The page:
I grew up with irregular cycles. I would go months without a period. My doctor often reassured me that wild swings in cycle length is “normal” for a newly menstruating girl, which is true. But what I wish she would have told me is that if it continued past the first couple of years there might be something amiss.
When I was 25, I was ready to explore different methods of *birth control. While researching new options, I stumbled across the Fertility Awareness Method (not to be confused with the Rhythm Method). If you are unfamiliar, I won’t go too much into detail here, but one of the signs that can help you predict ovulation is to monitor the changes in your cervix.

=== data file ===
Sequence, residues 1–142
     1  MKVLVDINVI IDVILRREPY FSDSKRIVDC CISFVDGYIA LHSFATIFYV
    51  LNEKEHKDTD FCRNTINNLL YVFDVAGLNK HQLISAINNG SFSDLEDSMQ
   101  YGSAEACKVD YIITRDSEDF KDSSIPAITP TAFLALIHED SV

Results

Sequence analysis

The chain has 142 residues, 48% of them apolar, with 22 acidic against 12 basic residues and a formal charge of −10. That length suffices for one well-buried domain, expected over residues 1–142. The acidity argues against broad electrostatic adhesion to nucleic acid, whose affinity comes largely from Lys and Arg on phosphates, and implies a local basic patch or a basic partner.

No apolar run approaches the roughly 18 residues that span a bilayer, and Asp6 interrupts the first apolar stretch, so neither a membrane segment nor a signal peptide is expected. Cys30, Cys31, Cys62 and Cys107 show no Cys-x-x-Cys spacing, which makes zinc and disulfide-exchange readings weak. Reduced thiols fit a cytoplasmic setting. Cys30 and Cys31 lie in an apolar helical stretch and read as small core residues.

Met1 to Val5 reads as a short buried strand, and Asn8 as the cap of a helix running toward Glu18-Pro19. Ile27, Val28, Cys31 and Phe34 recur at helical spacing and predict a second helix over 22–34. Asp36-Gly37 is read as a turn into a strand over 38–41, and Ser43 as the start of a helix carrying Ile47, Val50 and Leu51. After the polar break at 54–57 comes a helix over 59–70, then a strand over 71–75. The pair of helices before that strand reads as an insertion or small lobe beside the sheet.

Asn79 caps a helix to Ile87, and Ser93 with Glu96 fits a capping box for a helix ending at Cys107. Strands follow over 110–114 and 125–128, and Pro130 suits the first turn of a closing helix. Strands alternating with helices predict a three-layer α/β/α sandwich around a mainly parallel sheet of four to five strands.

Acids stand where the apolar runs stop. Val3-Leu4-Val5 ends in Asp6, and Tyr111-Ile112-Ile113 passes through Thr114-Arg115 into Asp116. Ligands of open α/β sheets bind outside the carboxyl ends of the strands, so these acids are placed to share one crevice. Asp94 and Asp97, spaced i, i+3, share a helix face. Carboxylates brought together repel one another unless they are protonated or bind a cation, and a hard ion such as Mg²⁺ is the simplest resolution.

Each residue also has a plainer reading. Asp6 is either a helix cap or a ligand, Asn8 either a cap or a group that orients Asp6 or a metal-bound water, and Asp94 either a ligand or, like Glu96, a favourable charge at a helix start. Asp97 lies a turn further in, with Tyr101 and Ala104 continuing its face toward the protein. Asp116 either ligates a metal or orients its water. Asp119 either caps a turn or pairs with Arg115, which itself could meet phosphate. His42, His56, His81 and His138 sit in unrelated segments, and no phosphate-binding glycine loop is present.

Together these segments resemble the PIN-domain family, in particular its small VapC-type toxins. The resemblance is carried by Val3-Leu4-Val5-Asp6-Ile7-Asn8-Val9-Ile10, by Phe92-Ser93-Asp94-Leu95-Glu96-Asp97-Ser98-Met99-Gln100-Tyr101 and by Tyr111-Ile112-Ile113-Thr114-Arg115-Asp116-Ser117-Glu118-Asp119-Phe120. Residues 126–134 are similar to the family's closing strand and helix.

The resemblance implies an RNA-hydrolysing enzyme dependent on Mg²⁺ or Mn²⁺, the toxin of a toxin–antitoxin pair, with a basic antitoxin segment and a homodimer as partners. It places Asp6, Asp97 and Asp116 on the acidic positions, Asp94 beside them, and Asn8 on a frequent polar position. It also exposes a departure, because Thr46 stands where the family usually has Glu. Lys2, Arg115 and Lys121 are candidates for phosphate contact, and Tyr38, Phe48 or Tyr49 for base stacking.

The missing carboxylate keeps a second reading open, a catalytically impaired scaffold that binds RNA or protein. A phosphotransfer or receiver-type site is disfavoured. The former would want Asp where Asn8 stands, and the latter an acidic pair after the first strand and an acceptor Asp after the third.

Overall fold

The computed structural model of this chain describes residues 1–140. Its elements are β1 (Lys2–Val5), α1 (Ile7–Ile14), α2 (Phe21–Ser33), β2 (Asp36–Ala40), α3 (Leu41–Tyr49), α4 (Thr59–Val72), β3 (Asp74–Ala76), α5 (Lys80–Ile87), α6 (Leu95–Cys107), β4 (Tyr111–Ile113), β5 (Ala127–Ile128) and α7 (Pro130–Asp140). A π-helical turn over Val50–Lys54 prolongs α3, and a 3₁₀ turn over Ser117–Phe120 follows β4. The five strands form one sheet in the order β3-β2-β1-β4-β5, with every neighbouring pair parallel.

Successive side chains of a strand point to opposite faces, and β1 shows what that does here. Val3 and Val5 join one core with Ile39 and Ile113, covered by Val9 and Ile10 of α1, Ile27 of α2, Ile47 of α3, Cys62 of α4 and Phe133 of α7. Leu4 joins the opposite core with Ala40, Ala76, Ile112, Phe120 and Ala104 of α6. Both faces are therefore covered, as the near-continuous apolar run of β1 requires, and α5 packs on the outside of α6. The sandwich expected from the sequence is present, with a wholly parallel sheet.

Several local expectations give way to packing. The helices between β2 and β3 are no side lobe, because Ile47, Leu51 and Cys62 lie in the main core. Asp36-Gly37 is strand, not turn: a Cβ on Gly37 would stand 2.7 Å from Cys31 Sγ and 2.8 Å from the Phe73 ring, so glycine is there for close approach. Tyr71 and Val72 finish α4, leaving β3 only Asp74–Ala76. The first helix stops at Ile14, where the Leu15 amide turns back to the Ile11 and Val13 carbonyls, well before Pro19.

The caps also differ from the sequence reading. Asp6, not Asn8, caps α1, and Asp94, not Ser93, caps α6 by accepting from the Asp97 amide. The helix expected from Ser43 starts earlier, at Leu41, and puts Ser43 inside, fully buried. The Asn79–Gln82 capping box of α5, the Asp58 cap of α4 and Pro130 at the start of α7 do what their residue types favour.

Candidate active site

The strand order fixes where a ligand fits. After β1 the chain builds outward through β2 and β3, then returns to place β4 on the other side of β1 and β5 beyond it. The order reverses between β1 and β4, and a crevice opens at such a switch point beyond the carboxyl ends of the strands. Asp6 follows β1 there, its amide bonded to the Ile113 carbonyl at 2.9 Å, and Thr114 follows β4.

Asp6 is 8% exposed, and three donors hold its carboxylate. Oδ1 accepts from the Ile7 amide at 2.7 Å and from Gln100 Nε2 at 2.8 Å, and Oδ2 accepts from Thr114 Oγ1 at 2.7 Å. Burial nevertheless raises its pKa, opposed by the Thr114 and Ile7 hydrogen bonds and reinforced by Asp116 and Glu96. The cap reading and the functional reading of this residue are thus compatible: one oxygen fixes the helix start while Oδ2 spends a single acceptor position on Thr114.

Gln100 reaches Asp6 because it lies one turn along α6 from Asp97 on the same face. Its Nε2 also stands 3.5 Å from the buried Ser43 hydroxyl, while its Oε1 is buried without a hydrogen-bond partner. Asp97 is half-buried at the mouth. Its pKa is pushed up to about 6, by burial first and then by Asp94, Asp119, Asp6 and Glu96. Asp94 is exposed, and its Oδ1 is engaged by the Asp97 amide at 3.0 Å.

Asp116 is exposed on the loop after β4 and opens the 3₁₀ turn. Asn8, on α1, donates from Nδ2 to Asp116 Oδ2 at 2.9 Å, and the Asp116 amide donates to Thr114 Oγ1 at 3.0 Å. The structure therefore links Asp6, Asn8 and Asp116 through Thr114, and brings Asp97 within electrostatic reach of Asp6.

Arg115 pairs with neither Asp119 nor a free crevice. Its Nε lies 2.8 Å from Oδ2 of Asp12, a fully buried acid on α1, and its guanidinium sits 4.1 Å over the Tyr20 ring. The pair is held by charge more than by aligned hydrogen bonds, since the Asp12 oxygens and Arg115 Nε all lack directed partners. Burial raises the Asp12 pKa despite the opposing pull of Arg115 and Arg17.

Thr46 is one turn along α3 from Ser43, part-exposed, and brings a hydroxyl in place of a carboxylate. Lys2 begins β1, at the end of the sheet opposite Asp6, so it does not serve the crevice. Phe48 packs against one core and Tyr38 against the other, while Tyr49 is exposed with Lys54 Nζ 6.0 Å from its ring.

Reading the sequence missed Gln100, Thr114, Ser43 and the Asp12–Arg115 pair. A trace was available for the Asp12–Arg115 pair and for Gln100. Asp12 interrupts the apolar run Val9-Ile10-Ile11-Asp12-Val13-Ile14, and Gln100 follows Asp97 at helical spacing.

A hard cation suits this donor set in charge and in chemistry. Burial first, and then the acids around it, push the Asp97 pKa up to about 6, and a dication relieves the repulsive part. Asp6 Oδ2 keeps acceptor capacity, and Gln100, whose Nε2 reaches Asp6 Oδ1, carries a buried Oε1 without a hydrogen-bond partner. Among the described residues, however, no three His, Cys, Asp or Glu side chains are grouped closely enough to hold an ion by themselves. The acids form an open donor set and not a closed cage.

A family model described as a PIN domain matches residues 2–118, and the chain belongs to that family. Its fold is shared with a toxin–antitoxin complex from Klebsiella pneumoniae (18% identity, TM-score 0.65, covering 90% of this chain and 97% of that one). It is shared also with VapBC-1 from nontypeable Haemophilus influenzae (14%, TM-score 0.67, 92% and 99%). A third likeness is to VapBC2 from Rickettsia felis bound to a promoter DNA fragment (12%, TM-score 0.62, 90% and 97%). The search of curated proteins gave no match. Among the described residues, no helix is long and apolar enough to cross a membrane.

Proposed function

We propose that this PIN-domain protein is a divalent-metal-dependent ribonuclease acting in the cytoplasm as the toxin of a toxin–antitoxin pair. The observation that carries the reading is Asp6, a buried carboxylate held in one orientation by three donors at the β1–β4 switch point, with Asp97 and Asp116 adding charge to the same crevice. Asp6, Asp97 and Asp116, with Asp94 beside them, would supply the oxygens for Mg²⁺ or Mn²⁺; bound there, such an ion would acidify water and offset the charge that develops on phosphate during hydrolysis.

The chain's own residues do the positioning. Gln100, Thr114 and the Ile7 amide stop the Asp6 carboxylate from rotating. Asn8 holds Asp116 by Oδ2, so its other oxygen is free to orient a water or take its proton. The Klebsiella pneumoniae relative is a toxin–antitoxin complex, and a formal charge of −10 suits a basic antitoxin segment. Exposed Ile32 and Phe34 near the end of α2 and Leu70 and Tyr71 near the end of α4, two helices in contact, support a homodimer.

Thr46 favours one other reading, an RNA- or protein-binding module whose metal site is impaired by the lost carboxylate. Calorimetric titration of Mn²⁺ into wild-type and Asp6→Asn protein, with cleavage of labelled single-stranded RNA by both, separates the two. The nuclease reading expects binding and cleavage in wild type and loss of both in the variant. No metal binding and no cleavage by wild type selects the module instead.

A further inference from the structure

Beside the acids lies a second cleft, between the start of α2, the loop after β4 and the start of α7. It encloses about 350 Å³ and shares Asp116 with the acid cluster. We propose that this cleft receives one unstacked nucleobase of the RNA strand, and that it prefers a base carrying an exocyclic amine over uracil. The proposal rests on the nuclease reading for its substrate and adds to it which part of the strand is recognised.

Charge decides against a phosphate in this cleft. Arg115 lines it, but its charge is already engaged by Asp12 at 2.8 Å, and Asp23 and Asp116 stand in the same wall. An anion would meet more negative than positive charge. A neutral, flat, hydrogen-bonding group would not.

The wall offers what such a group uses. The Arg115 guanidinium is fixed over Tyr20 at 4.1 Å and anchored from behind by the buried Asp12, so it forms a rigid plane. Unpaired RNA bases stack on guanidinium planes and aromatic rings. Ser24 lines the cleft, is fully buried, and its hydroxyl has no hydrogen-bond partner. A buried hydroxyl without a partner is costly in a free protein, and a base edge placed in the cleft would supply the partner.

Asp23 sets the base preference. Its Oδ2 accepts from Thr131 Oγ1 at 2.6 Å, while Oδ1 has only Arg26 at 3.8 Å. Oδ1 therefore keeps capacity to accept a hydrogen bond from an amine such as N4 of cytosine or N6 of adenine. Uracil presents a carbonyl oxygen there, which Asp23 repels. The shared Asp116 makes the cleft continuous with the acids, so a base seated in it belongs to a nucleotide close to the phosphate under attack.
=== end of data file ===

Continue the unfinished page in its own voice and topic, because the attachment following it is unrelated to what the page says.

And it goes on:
Many of us took a class in grade school, or, at least you will, where we learned the correct anatomical names of our reproductive organs, squirmed in our seats as the teacher held up colorful diagrams of a flaccid penis and tried not to laugh when we were lectured to about the changes that occur during the puberty.
Imagine a world in which your period and menstrual cycle were no longer a mystery: in this world you know the exact day your bleeding will begin, you are able to validate your PMS symptoms by understanding the changes your body goes through each cycle, and you know not only when something is “off,” but how to fix it, too.